It was another beautiful morning in Dolores Park, accompanied by the soothing sound of jackhammers. City officials—including Mayor Ed Lee, Supervisor Scott Wiener, and Dolores Park's Project Manager Jacob Gilchrist—went along on a preview hard hat tour (sans hard hats—it's mostly just grass out there, after all) of the park's south end to show off the final phase of the park's $20.5 million renovation. The grand (and long awaited) reopening of a unified Dolores Park is set for next week.
Now that the six-year project (construction began in March of 2014, but the planning phase was twice as long) is coming to an end and the beloved piece of green space will be whole again, the question is: Can San Francisco have nice things?
The assembled honchos accentuated the positive when talking about the park's role as centerpiece of the Mission. The mayor said that with the price of living in the city soaring, parks are a "great equalizer," free to the entire public. Wiener noted how far the park had come from the drug-infested, no-go zone of his youth.
Gilchrist pointed out the recent removal of the park's "nuisance buildings" that used to block views. The administration office is now a secret lair underneath the basketball court, and the new bathrooms are built Hobbit-style into the side of a hill so that the park's beautiful green slopes can roll uninterrupted.
A new walkway connects the 19th Street promenade to the playground, the grade calculated to the nearest degree to be ADA compliant. And there's a new overlook at the corner of Church and 20th, providing a place to enjoy arguably the greatest view of the San Francisco skyline—and maybe to also hoist your small pet into the air, Lion King-style, if you're so inclined. But for every two words about the beauty of the park and the hard work going into it, there was at least one about the how tricky it is to safeguard. For example, the new restroom is nestled into the hillside to preserve views but also because "the less exposed wall we have, the less there is to vandalize" says Gilchrist.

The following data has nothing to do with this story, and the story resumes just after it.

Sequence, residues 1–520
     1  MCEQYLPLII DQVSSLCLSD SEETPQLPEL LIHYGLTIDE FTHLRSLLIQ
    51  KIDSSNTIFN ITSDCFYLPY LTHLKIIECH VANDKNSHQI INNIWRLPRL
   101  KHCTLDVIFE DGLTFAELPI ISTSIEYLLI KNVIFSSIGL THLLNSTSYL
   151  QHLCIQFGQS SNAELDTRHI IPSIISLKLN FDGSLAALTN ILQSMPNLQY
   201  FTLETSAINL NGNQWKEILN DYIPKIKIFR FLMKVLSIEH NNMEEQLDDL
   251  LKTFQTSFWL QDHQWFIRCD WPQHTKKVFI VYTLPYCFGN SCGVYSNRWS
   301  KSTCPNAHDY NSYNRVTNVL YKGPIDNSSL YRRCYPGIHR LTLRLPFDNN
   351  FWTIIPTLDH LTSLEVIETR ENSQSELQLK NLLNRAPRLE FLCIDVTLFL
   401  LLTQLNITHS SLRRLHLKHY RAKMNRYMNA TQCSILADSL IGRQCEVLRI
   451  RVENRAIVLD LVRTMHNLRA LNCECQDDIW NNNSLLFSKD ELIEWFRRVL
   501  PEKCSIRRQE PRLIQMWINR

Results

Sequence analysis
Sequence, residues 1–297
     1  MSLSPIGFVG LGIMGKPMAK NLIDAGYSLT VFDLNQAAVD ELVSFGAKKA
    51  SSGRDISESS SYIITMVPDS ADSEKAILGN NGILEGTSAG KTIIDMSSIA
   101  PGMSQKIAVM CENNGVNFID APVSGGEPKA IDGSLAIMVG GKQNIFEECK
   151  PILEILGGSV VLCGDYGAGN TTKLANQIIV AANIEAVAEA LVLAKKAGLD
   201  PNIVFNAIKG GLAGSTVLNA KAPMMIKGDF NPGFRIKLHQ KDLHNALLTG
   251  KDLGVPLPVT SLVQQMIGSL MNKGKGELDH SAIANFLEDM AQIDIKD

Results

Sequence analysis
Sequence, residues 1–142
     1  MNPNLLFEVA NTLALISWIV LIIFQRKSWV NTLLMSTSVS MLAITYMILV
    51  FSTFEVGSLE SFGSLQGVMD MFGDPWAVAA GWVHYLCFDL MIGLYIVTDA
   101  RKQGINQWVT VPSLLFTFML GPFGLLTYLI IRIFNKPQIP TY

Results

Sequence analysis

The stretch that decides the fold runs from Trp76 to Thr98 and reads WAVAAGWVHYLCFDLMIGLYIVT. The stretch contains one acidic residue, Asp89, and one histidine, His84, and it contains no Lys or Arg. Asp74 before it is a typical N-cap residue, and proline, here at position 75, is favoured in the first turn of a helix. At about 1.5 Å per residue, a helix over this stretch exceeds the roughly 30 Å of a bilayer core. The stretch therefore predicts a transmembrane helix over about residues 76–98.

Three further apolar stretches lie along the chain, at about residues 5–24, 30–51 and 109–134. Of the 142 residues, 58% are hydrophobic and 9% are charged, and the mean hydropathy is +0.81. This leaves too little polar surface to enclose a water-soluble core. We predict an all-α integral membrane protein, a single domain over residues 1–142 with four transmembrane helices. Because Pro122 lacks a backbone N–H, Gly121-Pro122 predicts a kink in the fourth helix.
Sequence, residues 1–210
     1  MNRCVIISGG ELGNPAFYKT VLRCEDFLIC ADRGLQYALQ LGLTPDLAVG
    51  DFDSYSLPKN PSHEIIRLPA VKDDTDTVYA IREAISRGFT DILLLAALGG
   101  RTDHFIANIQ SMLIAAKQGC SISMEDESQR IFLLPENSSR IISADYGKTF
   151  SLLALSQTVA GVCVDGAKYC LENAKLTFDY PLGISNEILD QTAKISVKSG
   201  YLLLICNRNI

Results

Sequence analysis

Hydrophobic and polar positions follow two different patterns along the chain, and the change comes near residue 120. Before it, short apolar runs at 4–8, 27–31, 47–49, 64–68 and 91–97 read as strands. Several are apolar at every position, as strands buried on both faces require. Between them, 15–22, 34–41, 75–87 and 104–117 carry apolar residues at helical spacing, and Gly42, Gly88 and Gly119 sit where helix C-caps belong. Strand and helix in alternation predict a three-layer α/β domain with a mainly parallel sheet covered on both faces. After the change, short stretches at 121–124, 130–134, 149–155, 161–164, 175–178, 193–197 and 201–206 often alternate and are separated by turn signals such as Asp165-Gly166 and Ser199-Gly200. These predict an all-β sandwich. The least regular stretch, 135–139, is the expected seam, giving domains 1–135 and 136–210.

(Gilchrist also pointed out some of the new flagstones, which were vandalized "as soon as they were poured," albeit mostly by people just writing their names.)
The mayor adopted the demeanor of an affable but chiding school principal as he reminded park users "not to leave their waste, human or otherwise, behind." His warning is surely linked to the many recent instances of park trashing.
Without a doubt, San Francisco has proven that it can build a beautiful green space. But keeping it beautiful is a constant struggle against urban entropy and general thoughtlessness.
The park looks humble—a few square blocks that, once upon a time, were a cemetery—but there are tens of millions of dollars and an ineffable but irreplaceable sense of community tied up in it. Time will tell if we can treat it right. The grand reopening is scheduled for January 14 at 4 p.m. Come as you are, but leave only footprints.
· Previous Dolores Park Revamp Coverage [Curbed SF]